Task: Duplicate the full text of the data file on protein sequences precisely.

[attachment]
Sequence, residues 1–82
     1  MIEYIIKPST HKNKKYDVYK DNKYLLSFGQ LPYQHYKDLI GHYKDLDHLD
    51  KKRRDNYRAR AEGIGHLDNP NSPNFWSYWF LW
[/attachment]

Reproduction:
Sequence, residues 1–82
     1  MIEYIIKPST HKNKKYDVYK DNKYLLSFGQ LPYQHYKDLI GHYKDLDHLD
    51  KKRRDNYRAR AEGIGHLDNP NSPNFWSYWF LW